Replicating Microfinance in the United States
James H. Carr, Zhong Yi Tong
Woodrow Wilson Center Press, 28/06/2002 - 387 من الصفحات
"With the publication of this volume, knowledge and understanding of the practices of delivering micro-credit reach a new level of consolidation, and the stage is set for important further steps."—from the Foreword by Richard P. Taub, University of Chicago
Microfinance was pioneered in the developing world as the lending of small amounts of money to entrepreneurs who lacked the kinds of credentials and collateral demanded by banks. Similar practices spread from the developing to the developed world, reversing the usual direction of innovation, and today several hundred microfinance institutions are operating in the United States.
Replicating Microfinace in the United States reviews experiences in both developing and industrialized countries and extends the applications of microlending beyond enterprise to consumer finance, housing finance, and community development finance, concentrating especially on previously underserved households and their communities.
Contributors include Nitin Bhatt, Robert M. Buckley, Bruce Ferguson, Elinor Haider, Chi-kan Richard Hung, Sally R. Merrill, Jonathan Morduch, Gary Painter, Sohini Sarkar, Mark Schreiner, Lisa Servon, Ayse Can Talen, Shui-Yan Tang, Kenneth Temkin, Andres Vinelli, J. D. Von Pischke and Marc A. Weiss.
Replicating Microfinance in the United States is based on papers commissioned by the Fannie Mae Foundation and findings from an October 2001 conference jointly held by the Fannie Mae Foundation and Woodrow Wilson International Center for Scholars in Washington, D.C.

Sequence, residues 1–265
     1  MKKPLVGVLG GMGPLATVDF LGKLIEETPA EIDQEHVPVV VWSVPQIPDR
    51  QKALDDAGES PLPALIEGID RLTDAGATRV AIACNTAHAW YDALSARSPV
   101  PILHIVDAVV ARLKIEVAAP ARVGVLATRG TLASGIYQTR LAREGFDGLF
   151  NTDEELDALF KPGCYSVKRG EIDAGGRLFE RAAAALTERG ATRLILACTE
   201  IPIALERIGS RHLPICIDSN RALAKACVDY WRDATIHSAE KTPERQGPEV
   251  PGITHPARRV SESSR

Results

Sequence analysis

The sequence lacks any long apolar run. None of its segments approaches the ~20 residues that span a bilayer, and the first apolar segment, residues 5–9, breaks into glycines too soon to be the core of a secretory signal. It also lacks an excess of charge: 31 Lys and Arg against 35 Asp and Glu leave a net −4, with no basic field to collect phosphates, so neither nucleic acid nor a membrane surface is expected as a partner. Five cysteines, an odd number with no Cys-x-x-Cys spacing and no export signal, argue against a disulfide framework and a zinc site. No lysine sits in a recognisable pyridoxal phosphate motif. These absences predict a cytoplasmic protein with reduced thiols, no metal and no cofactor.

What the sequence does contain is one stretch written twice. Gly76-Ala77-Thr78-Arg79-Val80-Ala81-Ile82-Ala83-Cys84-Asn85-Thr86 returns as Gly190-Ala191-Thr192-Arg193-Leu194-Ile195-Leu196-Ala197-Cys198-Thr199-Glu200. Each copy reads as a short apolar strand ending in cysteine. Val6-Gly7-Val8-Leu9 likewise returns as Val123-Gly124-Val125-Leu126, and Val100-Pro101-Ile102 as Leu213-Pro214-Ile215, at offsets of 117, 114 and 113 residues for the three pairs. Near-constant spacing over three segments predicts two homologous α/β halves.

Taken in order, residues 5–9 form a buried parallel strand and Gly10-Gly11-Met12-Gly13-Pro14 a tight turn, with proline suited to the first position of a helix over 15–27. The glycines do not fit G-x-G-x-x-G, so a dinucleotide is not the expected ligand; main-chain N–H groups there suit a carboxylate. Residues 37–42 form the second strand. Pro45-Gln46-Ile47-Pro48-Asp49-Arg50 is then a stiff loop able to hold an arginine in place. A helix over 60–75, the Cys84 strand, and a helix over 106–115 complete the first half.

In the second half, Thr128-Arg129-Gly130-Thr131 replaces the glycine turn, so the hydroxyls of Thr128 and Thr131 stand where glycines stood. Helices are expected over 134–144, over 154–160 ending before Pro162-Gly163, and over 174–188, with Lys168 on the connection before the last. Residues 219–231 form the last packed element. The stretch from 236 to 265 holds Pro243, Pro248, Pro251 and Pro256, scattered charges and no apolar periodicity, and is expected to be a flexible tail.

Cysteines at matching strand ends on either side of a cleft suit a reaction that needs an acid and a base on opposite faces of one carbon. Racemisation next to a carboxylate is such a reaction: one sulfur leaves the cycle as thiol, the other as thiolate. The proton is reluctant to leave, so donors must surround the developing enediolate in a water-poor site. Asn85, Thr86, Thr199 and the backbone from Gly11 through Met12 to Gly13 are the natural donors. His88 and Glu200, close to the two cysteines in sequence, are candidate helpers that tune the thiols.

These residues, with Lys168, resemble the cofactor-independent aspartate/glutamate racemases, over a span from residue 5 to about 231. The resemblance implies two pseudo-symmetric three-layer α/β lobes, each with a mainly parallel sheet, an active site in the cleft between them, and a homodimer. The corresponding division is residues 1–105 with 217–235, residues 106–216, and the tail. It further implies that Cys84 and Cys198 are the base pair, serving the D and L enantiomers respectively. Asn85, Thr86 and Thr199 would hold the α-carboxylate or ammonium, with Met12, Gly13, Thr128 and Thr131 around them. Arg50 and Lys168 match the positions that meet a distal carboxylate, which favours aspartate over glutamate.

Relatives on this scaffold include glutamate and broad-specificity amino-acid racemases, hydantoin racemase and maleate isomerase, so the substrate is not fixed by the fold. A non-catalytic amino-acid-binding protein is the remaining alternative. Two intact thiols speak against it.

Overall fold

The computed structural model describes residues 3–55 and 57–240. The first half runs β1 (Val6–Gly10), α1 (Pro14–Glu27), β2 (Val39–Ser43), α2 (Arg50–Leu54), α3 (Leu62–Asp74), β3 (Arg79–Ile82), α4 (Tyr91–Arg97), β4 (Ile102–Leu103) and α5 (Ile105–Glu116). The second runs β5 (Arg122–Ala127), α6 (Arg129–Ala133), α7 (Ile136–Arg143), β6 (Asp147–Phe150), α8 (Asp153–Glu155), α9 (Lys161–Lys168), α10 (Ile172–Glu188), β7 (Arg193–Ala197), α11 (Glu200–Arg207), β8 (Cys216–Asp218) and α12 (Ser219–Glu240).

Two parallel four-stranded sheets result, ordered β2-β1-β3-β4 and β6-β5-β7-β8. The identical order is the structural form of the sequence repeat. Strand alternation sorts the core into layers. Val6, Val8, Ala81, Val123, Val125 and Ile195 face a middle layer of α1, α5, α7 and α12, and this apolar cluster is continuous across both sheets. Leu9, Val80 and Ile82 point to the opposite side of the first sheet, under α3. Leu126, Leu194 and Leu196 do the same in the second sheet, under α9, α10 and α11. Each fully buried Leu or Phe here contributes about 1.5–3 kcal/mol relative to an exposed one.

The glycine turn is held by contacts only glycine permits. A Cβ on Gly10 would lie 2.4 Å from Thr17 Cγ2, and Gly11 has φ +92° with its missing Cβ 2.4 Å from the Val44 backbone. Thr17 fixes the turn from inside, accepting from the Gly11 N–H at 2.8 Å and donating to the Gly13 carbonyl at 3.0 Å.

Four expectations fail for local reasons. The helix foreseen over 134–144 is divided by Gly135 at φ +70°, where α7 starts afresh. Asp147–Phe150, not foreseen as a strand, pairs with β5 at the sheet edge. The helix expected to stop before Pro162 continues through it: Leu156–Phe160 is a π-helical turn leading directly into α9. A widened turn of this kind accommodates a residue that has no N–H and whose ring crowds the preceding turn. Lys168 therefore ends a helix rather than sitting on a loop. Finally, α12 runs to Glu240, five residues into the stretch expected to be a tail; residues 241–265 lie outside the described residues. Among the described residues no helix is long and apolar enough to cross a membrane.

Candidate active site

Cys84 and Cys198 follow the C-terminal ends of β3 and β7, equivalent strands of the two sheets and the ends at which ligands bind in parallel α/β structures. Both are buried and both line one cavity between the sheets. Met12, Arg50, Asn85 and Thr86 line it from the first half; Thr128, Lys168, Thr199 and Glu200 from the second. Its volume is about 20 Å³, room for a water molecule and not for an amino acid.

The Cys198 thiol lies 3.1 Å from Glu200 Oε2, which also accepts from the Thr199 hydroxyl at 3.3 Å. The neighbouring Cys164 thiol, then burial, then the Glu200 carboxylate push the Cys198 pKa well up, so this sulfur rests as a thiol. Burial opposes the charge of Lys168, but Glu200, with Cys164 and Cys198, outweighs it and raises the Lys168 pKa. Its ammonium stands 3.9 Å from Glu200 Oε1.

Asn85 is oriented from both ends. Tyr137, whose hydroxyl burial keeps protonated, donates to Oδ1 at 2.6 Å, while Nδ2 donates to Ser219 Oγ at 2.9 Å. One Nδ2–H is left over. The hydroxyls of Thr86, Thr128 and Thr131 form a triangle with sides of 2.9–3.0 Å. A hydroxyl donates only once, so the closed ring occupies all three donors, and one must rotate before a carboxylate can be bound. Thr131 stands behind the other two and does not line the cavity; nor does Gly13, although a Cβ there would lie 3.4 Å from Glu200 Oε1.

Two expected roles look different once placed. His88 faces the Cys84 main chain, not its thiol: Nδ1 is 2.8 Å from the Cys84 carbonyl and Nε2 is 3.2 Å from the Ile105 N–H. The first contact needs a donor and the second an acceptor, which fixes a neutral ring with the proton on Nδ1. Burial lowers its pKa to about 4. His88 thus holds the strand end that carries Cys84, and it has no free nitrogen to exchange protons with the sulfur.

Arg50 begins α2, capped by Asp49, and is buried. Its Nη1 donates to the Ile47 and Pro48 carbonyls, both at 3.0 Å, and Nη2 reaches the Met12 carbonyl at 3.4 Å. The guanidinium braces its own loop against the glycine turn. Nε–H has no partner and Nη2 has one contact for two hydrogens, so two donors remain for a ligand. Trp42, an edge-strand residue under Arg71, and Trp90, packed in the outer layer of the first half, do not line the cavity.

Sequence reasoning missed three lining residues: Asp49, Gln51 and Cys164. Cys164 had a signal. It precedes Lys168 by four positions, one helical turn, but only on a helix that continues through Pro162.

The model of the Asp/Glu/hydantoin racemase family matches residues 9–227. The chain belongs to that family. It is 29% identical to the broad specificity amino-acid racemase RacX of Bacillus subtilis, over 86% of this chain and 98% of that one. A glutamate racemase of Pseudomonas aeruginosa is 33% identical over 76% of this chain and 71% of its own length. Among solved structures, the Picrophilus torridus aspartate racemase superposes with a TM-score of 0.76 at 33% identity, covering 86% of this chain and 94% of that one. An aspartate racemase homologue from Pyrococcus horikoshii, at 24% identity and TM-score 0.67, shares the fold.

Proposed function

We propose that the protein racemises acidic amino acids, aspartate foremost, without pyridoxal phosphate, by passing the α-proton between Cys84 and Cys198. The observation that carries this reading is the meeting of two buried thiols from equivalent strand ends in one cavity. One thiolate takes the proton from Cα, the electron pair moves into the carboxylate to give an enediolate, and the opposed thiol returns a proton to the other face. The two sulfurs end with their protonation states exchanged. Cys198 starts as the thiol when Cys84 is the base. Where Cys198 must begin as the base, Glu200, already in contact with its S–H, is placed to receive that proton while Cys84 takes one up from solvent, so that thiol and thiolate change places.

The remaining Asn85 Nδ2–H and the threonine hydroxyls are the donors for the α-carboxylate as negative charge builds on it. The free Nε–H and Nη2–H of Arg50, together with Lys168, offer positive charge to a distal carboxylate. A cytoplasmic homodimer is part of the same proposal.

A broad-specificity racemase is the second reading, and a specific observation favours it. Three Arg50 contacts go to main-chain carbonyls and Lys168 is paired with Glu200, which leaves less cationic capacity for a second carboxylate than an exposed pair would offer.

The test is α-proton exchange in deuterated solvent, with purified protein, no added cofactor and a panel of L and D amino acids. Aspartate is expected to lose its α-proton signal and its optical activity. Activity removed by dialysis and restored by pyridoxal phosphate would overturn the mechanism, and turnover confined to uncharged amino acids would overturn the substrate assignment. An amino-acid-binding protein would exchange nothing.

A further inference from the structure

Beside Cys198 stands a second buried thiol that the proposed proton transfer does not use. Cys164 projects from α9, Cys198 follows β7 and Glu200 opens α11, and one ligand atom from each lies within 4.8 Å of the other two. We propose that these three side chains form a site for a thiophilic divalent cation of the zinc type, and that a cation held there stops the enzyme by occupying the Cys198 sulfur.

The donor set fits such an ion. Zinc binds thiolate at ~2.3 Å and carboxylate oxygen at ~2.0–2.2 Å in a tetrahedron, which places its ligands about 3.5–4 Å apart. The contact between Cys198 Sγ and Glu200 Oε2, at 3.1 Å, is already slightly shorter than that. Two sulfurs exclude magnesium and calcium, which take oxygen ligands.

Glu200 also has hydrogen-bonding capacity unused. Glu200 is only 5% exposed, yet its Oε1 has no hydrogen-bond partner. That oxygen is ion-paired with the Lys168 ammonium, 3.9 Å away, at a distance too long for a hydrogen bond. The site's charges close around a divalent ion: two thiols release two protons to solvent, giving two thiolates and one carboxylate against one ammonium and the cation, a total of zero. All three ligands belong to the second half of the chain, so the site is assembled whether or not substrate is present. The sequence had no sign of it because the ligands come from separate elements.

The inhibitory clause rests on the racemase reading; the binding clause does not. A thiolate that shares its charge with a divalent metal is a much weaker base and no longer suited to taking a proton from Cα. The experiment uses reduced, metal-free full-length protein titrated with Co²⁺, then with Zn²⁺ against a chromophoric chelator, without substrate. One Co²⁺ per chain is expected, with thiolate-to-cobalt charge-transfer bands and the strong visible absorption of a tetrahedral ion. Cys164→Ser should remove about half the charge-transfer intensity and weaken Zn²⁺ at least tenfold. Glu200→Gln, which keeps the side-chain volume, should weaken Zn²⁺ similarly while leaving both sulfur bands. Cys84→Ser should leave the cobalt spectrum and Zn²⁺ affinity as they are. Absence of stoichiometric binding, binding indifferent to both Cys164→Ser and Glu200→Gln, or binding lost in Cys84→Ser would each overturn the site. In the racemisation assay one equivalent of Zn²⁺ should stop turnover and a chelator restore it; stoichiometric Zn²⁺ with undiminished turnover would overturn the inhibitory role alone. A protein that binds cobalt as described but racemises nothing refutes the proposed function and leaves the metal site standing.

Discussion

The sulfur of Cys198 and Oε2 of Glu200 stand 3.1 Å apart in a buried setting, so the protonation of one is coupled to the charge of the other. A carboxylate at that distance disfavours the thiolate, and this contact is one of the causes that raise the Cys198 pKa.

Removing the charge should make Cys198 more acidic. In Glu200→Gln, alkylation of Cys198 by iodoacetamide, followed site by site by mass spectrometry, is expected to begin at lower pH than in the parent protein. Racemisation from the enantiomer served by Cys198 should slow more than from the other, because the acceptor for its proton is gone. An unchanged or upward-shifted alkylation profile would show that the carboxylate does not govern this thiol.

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... Fund in Malawi as a government-controlled trust fund. In contrast, the U.S. programs started from very modest beginnings, although several large NGOs with signiμcant experience in Latin America FROM SOUTH TO NORTH 227.
... experience. It functioned in partnership with existing local organizations. So did the NCRC and other regional networks. Thirty-one percent of the U.S. programs were entirely locally initiated without ofμcial afμliation with outside ...
... experience. But table 16.23 reports the same number as 16 percent. Because table 16.23 also reports that 44 percent of Mudzi Fund borrowers have borrowed from family and friends, it is likely that 56 percent is the correct number and 16 ...
... experience loan delinquency. Thus, although developing-country experiences have demonstrated the effectiveness of peer-group lending programs in serving primarily the landless poor, the more sustainable U.S. programs tend to serve the ...
... experience not only shortens the learning curve of local afμliates, but also enhances the scale of operation at the ... experienced in business operation. After all, running a business is not for everyone. Advising FROM SOUTH TO NORTH 251.